Schultz: Teva debt cut to $27b

Kare Schultz Photo: PR

After a year in the job, the Teva CEO says there will be no more acquisitions until the debt is reduced further but also no more sell-off of activities.

"One of the key elements in the restructuring is of course to reduce the overall cost of running the company… we have a plan to reduce the total cost base of everything that you have in your cost by $3 billion in 2019… we are very well underway to do that," Teva Pharmaceutical Industries Ltd. (NYSE: TEVA; TASE: TEVA) president and CEO Kare Schultz said at the annual JP Morgan health conference. At last year's conference, Schultz was a new CEO launching a dramatic cost-cutting program at his company; now he was able to report the progress achieved to investors and give specifics about Teva's targets for the coming years.

Schultz stated, "But at the same time as we are reducing cost, there's of course been a lot of skepticism about then what about the revenue. And I think we've proven that we can do that both on the products that we are in the launch phase of, but also in terms of getting new approvals, be it for new innovative drugs or new and biopharmaceuticals or new generics." Schultz mentioned Ajovy, Teva's new drug for treatment of migraine headaches, saying that, while he had previously predicted that it would attain a 20-30% market share, it already had a 30% market share of new prescriptions in the US (there are two competing products in the same category). He said that this seemed to him like a fair market share that Teva would be able to maintain, adding that the drug's price was lower than the company's expectations two year ago, but that its sales volume was larger.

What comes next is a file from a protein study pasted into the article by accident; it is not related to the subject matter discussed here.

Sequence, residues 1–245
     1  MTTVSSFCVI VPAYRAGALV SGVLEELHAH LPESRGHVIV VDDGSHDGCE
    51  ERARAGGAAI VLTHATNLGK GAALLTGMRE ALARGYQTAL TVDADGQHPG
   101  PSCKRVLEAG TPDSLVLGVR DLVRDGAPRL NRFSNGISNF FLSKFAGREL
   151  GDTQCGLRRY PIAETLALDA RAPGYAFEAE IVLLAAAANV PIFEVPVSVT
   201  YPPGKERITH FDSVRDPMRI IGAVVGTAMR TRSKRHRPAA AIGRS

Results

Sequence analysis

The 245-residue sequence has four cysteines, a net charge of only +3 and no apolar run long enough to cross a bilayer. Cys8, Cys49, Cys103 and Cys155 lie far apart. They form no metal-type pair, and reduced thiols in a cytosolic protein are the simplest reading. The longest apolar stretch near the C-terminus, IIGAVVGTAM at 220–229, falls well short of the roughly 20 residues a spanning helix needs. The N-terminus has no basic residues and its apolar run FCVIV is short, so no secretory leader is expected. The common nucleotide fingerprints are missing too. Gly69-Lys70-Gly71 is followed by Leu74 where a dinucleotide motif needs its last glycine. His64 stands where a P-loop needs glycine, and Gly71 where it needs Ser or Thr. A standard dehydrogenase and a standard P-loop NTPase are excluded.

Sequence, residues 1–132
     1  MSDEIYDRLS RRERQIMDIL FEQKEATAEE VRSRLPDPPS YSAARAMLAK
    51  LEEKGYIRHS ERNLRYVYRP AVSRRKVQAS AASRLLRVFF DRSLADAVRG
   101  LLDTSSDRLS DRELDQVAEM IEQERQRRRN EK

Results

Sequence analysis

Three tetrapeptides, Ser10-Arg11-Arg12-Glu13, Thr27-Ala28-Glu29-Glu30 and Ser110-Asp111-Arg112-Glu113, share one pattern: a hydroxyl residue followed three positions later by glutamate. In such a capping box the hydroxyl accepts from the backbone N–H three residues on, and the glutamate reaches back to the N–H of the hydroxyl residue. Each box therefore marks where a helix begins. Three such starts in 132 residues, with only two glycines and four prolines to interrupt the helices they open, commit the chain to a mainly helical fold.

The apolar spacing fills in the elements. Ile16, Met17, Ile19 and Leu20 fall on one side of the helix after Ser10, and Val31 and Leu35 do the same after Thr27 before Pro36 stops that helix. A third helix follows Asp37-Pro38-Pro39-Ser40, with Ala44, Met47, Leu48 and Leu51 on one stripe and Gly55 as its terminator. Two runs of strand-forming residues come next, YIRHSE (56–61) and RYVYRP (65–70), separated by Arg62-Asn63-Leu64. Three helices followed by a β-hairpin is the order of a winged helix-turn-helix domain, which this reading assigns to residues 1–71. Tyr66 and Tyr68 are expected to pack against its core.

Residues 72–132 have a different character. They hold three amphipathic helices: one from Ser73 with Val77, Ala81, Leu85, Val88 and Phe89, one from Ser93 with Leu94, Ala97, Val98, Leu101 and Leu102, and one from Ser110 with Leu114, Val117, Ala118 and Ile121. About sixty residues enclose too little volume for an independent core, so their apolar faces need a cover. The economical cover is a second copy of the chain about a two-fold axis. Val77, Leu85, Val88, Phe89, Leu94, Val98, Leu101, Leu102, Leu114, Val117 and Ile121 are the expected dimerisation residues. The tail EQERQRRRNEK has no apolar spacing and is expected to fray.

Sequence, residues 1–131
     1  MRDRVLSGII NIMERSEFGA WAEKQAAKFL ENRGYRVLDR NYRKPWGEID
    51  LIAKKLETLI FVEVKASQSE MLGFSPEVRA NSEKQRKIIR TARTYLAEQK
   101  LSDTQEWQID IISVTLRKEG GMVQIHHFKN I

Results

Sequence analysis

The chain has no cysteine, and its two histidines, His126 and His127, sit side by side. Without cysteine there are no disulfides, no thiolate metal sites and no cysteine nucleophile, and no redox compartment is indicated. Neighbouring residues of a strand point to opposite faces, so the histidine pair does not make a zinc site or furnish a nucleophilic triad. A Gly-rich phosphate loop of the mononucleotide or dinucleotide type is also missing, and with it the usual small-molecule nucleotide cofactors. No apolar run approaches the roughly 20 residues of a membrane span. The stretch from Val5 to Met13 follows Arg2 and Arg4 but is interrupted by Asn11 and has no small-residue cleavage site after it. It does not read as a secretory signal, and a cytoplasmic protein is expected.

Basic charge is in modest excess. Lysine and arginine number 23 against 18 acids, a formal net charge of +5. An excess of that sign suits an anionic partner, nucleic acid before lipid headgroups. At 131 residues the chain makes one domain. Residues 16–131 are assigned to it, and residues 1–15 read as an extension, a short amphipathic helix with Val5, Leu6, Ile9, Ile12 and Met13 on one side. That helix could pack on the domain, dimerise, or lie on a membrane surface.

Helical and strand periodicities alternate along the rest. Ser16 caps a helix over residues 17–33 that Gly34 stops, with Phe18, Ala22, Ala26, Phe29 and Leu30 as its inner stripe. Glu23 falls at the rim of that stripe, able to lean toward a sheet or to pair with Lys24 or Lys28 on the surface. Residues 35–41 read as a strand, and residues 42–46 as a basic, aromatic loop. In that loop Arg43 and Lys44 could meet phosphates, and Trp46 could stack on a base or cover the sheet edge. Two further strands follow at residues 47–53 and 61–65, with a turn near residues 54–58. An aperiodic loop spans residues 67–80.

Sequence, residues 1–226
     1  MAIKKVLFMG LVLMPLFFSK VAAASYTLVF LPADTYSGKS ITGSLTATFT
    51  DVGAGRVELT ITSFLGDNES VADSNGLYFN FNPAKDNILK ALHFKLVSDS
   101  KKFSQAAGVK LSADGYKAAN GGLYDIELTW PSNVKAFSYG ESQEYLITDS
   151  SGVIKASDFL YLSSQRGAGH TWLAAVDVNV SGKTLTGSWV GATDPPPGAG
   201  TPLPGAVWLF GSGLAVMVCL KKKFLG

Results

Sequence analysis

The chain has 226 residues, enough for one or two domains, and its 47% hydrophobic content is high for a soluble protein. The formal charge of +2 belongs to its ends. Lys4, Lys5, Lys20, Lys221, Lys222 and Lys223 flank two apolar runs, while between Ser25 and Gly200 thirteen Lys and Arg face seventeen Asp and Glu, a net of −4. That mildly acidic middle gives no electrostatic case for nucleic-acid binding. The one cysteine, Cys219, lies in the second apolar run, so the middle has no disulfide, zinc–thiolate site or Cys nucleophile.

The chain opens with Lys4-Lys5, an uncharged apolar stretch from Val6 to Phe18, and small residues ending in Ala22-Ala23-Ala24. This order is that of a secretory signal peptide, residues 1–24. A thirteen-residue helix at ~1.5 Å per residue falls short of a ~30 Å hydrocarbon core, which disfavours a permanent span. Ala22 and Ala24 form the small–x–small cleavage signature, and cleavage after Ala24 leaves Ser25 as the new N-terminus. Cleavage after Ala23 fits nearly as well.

Commenting about the generics market, in which prices have fallen substantially in recent years, Schultz repeated his assessment last quarter that things were leveling off. " And a year ago I think it's fair to say we were in a classical negative death spiral of pricing on generics just everybody going lower and lower. And I think I said also a year ago that this has to stop and at least in Teva we are stopping it because we're no longer supplying products below manufacturing cost products that do not contribute to our profitability. And we started the process of going and talking to all our key customers… Of course we had to give up some of the volume that didn't hurt us because we were not making money on it… But I think the most important thing and this is I think the most significant maybe today that I'm sharing with you is that the whole pricing dynamic in US generics changed… we no longer have this spiral price declines… That does not mean that we get back to where we were… but it just means that this constant reduction of the marketplace has stopped." In response to a question from the audience, Schultz said that of the 10% of its generic products that were unprofitable, Teva had abandoned marketing two thirds of them, while the other third were now profitable again.